“As a person of faith, ordained minister and professor of Christian ethics for more than three decades, I’m committed to seeking peace, justice and compassion in all things.”

“My religious tradition calls on the faithful to help reduce suffering in the world, including suffering at the bedside of those dying. For many, palliative care offers the comfort and support necessary to ease their way to a good death, but alas, palliative care is not always adequate to the task.”

“For others in the dying process, despite receiving the best palliative care, they find themselves ready to die, but unable to die. Too often they face a torturous ending.  Denying the dying person the freedom to end unnecessary, meaningless suffering is far from merciful; rather, it’s torturous.   Torture in any form is morally wrong.”

  • “As a person of faith, I hope and pray that Maine will join California, Colorado, Hawaii, Montana, Oregon, Vermont, Washington and the District of Columbia and make assisted dying legally available, allowing adults of sound mind to make their own value choices at the end of life. Doing so, I suggest, is a faithful, principled, and compassionate way to affirm the dignity and well-being of the living and the dying.”

Rev Dr Marvin Ellison, a Willard S. Bass Professor Emeritus of Christian Ethics at Bangor Theological Seminary, USA, is a scholar-activist and ordained Presbyterian minister. 

Rev Dr Marvin Ellison

 Photo supplied by Rev Ellison

Please read the full article ……

A plea to clergy of any faith who support Voluntary Assisted Dying Choice – Please endorse our Statement of Support now

Statement of Christian clergy support for Anne Gabrielides and the NSW Voluntary Assisted Dying Bill 2017.

Rev. Dr Craig de Vos, B.V.Sc., Dip.P.S., B.Th.(Hons.), Ph.D, highly respected as a theologian in social aspects of the New Testament, is a practising Minister who holds a passion for social justice issues.

Rev. Dr De Vos says, “Our politicians, often guided by dogmatic religious beliefs, continue to deny the majority who want the choice of a death with dignity.”

“Some oppose voluntary euthanasia and voluntary assisted dying choice arguing that it’s wrong because it’s playing God.  Yet so is artificially prolonging life, and so is allowing people to suffer an horrific death when there are more compassionate alternatives.”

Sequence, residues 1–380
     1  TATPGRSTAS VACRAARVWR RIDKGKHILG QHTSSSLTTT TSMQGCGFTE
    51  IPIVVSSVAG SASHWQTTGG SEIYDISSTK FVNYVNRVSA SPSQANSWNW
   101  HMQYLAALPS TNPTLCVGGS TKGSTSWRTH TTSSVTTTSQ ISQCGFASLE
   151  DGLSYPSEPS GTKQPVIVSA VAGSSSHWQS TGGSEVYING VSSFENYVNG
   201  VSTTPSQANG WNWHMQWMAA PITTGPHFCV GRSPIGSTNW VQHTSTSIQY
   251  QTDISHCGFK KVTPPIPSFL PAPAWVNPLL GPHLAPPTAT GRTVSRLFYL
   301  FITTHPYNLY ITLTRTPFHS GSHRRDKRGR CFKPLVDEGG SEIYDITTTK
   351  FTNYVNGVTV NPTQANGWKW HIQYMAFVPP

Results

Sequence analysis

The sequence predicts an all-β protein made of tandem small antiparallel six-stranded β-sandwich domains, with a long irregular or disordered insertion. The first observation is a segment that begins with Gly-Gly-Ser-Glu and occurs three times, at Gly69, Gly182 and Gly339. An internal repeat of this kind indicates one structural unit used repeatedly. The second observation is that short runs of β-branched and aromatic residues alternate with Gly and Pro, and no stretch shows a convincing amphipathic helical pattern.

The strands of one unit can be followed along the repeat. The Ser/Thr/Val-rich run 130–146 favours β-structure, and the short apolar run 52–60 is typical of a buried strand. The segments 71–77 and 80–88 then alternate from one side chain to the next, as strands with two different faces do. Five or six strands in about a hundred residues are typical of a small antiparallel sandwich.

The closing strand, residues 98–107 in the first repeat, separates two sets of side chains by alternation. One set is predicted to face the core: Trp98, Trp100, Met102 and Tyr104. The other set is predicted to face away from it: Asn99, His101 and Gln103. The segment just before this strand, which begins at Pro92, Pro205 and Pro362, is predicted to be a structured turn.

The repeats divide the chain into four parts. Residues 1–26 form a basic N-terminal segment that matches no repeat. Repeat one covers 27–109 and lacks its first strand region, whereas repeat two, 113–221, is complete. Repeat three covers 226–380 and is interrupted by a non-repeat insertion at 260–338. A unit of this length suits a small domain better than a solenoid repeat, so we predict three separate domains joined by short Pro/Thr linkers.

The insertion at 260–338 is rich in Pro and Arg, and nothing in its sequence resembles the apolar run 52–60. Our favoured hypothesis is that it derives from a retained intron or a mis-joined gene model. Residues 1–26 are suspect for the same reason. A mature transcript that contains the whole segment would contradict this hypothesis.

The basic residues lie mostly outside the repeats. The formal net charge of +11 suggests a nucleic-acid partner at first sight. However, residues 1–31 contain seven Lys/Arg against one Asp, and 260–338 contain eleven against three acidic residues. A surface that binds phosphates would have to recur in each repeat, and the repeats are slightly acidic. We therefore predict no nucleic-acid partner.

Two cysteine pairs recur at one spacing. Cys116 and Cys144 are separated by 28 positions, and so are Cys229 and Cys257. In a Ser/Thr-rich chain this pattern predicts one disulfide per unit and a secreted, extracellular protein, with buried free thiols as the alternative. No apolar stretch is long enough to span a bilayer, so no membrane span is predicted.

Rev. Dr de Vos endorsed the statement by Archbishop Emeritus Desmond Tutu, who has said. “I believe in the sanctity of life. I know that we will all die and that death is a part of life. Terminally ill people have control over their lives, so why should they be refused control over their deaths? Why are so many instead forced to endure terrible pain and suffering against their wishes?”

Rev. Dr de Vos is Patron and member of the Executive of our group, Christians Supporting Choice for Voluntary Euthanasia.

He concluded, “I have the utmost sympathy for Anne Gabrielides, who is facing an horrific death from rapidly progressing Motor Neurone Disease, and support her plea to NSW members of parliament to give people in her situation choice and control at the end stages of their illness. I hope these MPs will demonstrate true compassion and empathy for Anne when considering the NSW Voluntary Assisted Dying Bill 2017.”

Signed

Rev. Dr Craig de Vos, B.V.Sc., Dip.P.S., B.Th.(Hons.), Ph.D,

PLEASE  message Ian Wood using the “contact” on our website if you are clergy of any faith who would be prepared to endorse this Statement

Endorsed by

????

????

????

????

Etc…….

 

Authorised by Ian Wood

National co-ordinator and spokesperson for Christians Supporting Choice for Voluntary Euthanasia

Villa 1, Hampton Mews, 4 Wills Place, Mittagong NSW  2575  AUSTRALIA

Website: www.Christiansforve.org.au

TO VIEW ANNIE’S VIDEO AND PLEA TO THE NSW MEMBERS OF PARLIAMENT.

Anne (Annie) has rapidly progressing Motor Neurone Disease and her interview together with her family is truly heartrending.  Here> https://www.change.org/p/don-t-leave-me-trapped-in-a-dying-body-allow-me-to-die-peacefully